69. 69. Neutral equilibrium • If an object remains wherever it is after being displaced, it is said to be in neutral equilibrium. Turning Effect of Forces 69 Explanation If a ball is pushed slightly to roll, it will neither come back to its original nor it will roll forward rather it will remain at rest. Reason of neutral equilibrium If the ball is rolled, its center of gravity is neither raised nor lowered. This means that its center of gravity is at the same height as before.
  70. 70. Designing for Stability • There are two ways to make a body more stable. 1. Lowering its centre of gravity; 2. Increasing the area of its base. Turning Effect of Forces 70
  71. 71. 1. A piece of card has its centre of mass at M. 2. Which diagram shows how it hangs when suspended by a thread? Turning Effect of Forces 71 A
  72. 72. 2. The diagram shows a flat metal plate that may be hung from a nail so that it can rotate about any of four holes. 3. What is the smallest number of holes from which the flat metal plate should be hung in order to find its centre of gravity? A. 1 B. 2 C. 3 D. 4 Turning Effect of Forces 72
  73. 73. 3. A piece of uniform card is suspended freely from a horizontal pin. 4. At which of the points shown is its centre of gravity? Turning Effect of Forces 73 C
  74. 74. 4. A tractor is being used on rough ground. 5. What is the safest position for its centre of mass? Turning Effect of Forces 74 D
  75. 75. 5. An empty glass is placed on a join between two tables as shown. The glass remains stable. 6. Which point is the centre of mass of the glass? Turning Effect of Forces 75 C
  76. 76. 6. A light aircraft stands at rest on the ground. It stands on three wheels, one at the front and two further back. 7. Which point could be its centre of mass? Turning Effect of Forces 76 B
  77. 77. 7. The diagram shows sections of four objects of equal mass. The position of the centre of mass of each object has been marked with a cross. 8. Which object is the most stable? Turning Effect of Forces 77 A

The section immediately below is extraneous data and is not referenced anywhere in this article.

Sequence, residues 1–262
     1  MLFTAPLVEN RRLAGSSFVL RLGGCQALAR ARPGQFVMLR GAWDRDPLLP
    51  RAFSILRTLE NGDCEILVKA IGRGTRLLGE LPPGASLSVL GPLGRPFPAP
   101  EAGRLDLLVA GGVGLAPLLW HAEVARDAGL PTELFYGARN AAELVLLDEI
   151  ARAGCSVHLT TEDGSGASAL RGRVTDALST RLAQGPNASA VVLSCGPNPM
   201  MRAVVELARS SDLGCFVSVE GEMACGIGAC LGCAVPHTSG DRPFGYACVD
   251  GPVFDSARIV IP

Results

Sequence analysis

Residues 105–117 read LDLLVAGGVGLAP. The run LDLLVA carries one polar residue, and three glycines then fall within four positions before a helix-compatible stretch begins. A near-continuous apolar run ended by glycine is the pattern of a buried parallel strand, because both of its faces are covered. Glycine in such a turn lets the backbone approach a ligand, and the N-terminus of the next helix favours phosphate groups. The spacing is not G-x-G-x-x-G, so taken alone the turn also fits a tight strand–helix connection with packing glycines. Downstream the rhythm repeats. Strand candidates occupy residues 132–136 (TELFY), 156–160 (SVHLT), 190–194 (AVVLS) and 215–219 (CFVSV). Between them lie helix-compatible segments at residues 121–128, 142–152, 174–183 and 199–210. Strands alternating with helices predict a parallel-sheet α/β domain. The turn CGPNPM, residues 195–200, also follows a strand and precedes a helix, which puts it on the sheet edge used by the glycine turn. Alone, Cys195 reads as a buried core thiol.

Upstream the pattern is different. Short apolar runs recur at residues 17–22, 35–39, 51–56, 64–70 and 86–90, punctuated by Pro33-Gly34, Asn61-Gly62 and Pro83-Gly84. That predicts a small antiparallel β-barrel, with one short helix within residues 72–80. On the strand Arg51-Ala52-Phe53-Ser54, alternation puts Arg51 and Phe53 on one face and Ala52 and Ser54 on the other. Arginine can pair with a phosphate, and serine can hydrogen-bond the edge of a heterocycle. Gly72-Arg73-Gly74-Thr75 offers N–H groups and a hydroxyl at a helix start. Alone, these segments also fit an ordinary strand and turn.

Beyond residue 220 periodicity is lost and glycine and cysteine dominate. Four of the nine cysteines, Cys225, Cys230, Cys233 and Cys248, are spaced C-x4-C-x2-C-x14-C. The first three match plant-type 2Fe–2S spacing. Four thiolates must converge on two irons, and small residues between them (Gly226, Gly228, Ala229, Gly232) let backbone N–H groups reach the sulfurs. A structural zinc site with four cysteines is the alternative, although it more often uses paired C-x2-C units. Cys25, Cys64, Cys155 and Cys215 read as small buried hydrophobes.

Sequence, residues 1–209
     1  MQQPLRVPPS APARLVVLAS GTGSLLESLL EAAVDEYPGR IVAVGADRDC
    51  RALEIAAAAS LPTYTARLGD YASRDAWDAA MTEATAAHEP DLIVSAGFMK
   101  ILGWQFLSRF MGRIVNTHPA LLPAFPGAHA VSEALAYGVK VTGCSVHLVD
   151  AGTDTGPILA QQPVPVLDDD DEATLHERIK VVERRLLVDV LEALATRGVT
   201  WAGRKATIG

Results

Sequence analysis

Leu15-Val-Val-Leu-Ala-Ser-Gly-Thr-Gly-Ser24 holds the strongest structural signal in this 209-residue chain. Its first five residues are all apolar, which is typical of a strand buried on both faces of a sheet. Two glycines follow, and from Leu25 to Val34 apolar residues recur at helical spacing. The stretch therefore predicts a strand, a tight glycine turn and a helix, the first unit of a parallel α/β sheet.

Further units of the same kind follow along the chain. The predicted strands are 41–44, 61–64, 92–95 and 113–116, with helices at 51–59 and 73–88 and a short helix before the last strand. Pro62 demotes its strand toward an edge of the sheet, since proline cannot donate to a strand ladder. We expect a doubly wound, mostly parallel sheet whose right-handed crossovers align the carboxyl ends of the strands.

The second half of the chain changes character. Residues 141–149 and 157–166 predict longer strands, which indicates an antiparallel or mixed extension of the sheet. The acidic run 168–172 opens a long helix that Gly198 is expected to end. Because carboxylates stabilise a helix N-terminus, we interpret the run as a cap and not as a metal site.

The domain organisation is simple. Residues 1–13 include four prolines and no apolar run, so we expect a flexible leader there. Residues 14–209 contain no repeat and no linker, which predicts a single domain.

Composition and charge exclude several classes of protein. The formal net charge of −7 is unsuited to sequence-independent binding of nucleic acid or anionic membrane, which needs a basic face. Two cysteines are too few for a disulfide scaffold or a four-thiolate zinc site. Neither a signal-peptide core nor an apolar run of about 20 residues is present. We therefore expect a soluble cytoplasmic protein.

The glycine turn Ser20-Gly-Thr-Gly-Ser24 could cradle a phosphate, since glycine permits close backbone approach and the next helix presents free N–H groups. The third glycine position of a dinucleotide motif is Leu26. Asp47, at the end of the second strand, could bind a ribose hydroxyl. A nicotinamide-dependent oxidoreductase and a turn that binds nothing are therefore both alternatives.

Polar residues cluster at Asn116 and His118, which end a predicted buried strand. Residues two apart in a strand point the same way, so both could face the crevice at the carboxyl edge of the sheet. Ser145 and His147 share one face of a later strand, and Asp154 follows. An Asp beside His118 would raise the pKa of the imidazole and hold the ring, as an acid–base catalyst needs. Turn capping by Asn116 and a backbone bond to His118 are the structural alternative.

78. 78. 8. A student uses a stand and clamp to hold a flask of liquid. 9. Which diagram shows the most stable arrangement? Turning Effect of Forces 78 B
  79. 79. 9. Some containers are made from thin glass. 10. Which empty container is the most stable? Turning Effect of Forces 79 A
  80. 80. 10. The diagrams show the cross-sections of different glasses. 11. Which one is the least stable when filled with a liquid? Turning Effect of Forces 80 B
  81. 81. 11. The diagram shows four models of buses placed on different ramps. How many of these models will fall over? A. 1 B. 2 C. 3 D. 4 Turning Effect of Forces 81
  82. 82. 12. The diagram shows four objects standing on a flat surface. 13. The centre of mass of each object is marked M. 14. Which object will fall over? Turning Effect of Forces 82 C
  83. 83. 13. A girl uses paper-clips to balance a toy bird on her finger as shown. What is the effect of the paper- clips? A. They help to raise the centre of mass above her finger. B. They help to raise the centre of mass to her finger. C. They help to lower the centre of mass below her finger. D. They do not affect the centre of mass but increase the weight. Turning Effect of Forces 83
  84. 84. 14. The stability of a bus is tested by tilting it on a ramp. The diagram shows a bus that is just about to topple over. 15. Where is the centre of mass of the bus? Turning Effect of Forces 84 C
  85. 85. 15. Passengers are not allowed to stand on the upper deck of double-decker buses. Turning Effect of Forces 85
  86. 86. 1. Why is this? A. They would cause the bus to become unstable. B. They would cause the bus to slow down. C. They would increase the kinetic energy of the bus. D. They would lower the centre of mass of the bus. Turning Effect of Forces 86
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Moments Centre of Mass Stability